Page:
Opening Convocation 2020: "Meeting Our Moment" at Knox
The online event features remarks from President Teresa Amott and alumnus Randell Strickland's keynote address, "Do Not Be Silent. Do Not Forget. Say Their Names."
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At its June 2020 board meeting, the Knox College Board of Trustees awarded tenure to four faculty members: Scott DeWitt (Educational Studies), Nathaniel Williams (Educational Studies), Benjamin Farrer (Environmental Studies) and Sara O’Brien (Psychology). All four will now hold the rank of associate professor.
Scott DeWitt, Educational Studies, has focused his research on diversity training in the social sciences. His expertise in this area is reflected in his teaching, particularly the course “Teaching and Learning in Diverse World,” a requirement for all educational studies majors. He has published research on testing standards, teaching with technology, and economics instruction and was the co-author of Teaching About Diversity: Activities to Start the Conversation, Information Age Publishing (2020). He has also been a contributor to local and national conversations on improving resources for school teachers, following from his own experiences as a secondary school teacher. His interest in athletics also makes him a regular attendee at Knox events as a fan, coach, and participant.
DeWitt earned his Ph.D. from the University of Wisconsin at Madison, M.A. Ed. from Northern Kentucky University, and a B.A. from the Hope College. He has taught at Knox since 2014.
Nathaniel Williams, Educational Studies, has a particular interest in biracial identities and in addressing racial inequality in teaching and learning. This informs how he teaches core classes in Knox's education curriculum; he has designed and redesigned courses in his department to better examine intersections of elements such as cognitive development, social constructs, policy, race, and gender identity. He has served on numerous faculty committees, program development teams, and search committees. His many publications include “A tale of two 'halfs': Being Black, while being biracial” (2019) and “An Urban School Principal Encounters a Group of Teachers Who Seek to Address Racism in Their School” (2017). Beyond Knox, he has invested time in youth empowerment and community education programs.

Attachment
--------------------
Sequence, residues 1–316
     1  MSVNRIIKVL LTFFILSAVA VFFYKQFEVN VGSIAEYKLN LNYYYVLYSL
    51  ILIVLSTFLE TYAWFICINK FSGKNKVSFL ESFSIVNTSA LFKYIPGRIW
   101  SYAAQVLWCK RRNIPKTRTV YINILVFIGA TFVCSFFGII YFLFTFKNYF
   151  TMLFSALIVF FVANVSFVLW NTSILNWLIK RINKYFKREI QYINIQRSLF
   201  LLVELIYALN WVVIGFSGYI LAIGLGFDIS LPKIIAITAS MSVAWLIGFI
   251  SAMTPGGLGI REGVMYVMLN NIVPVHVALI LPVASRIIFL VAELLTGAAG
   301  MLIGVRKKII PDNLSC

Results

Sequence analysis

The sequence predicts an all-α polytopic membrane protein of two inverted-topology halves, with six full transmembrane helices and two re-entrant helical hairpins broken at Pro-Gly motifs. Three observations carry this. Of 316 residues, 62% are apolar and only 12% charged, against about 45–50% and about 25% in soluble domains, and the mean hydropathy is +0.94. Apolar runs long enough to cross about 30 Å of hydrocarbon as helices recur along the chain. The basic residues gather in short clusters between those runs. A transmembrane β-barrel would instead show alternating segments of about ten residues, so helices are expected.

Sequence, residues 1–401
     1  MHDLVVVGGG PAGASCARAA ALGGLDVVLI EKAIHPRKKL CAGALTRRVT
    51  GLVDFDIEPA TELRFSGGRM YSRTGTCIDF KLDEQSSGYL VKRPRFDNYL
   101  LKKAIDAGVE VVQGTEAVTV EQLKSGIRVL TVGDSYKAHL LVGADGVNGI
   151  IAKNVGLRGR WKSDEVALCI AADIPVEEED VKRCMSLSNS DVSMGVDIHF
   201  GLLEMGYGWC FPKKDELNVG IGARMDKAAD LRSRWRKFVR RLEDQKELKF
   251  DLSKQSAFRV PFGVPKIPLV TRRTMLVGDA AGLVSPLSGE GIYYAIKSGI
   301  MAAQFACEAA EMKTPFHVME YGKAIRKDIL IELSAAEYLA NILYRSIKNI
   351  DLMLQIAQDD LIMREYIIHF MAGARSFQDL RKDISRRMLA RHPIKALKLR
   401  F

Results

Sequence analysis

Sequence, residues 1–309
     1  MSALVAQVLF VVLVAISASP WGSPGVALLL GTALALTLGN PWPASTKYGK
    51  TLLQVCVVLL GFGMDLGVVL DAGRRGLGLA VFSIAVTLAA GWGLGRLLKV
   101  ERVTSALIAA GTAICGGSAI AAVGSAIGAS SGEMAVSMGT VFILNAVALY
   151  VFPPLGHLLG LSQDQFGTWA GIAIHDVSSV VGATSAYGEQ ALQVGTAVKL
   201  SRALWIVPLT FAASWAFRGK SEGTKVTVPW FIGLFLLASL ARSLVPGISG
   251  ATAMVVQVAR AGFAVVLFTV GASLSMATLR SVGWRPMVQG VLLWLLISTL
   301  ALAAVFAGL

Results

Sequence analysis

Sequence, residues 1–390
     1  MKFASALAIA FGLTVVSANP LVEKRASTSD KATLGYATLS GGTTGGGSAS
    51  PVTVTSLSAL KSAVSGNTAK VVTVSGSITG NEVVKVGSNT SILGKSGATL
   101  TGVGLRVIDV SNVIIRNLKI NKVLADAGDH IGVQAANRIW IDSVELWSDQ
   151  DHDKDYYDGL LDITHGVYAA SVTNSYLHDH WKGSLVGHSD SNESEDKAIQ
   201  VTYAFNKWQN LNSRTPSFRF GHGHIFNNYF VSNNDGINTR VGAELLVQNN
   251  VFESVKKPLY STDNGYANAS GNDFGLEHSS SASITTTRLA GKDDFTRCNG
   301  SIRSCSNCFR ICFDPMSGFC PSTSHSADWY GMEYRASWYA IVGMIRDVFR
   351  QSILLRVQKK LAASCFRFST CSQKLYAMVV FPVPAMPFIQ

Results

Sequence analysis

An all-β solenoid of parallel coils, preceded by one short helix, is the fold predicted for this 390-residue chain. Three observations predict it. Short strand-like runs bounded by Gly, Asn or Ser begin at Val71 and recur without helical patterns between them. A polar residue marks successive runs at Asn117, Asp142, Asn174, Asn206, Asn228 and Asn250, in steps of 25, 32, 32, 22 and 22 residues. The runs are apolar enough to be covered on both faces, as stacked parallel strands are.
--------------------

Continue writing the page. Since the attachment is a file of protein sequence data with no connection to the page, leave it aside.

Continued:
Williams earned his Ph.D. in urban education from Indiana University, Indianapolis, M.S. at Indiana University, Bloomington, and B.A. Ed. at IUPU-Indianapolis.
Benjamin Farrer, Environmental Studies, is a co-recipient of a major National Science Foundation grant to study hydraulic fracturing that has enabled him and his student assistants to conduct in-depth research that includes laboratory experiments, data collection, and focus groups on the public perception of “fracking.” In addition to introductory courses, he has taught specialized courses on the policy of climate change and “Environment and the Apocalypse.” As a political scientist in an interdisciplinary area, his publications include diverse topics such as hydraulic fracturing and voter satisfaction with democracy. Farrer is the author of the book Organizing for Policy Influence: Comparing Parties, Interest Groups, and Direct Action, Routledge (2017). He also serves as a study hall co-ordinator and tutor at Henry Hill Correctional Facility.
Farrer earned his Ph.D. in comparative politics from Binghamton University and his B.A. from the University of Leeds. He has taught at Knox since 2015.
Sara O’Brien, Psychology, is especially interested in mood and anxiety disorders, with a focus on obsessive-compulsive disorder. She directed the latest Clinical Psychology Term and did research on mothers’ influence on their children’s personalities. She has served as a mentor in the SPARK summer bridge program, on the First-Year Experience Taskforce, the Academic Standing Committee, and other areas where her expertise on mental health awareness supports students and instructors. Since arriving at Knox in 2014, O’Brien has been an author on 17 published peer-reviewed papers and was recently the lead author of studies on “the role of disgust in body image disturbance.” She received the Philip Green Wright-Lombard College Prize for Excellence in Teaching for Untenured Faculty in 2019.
She earned her Ph.D. from the University of Notre Dame, her M.A. from the University of Iowa, and her B.A. from Miami University.
Published on June 19, 2020
by Sarah Lohmann '21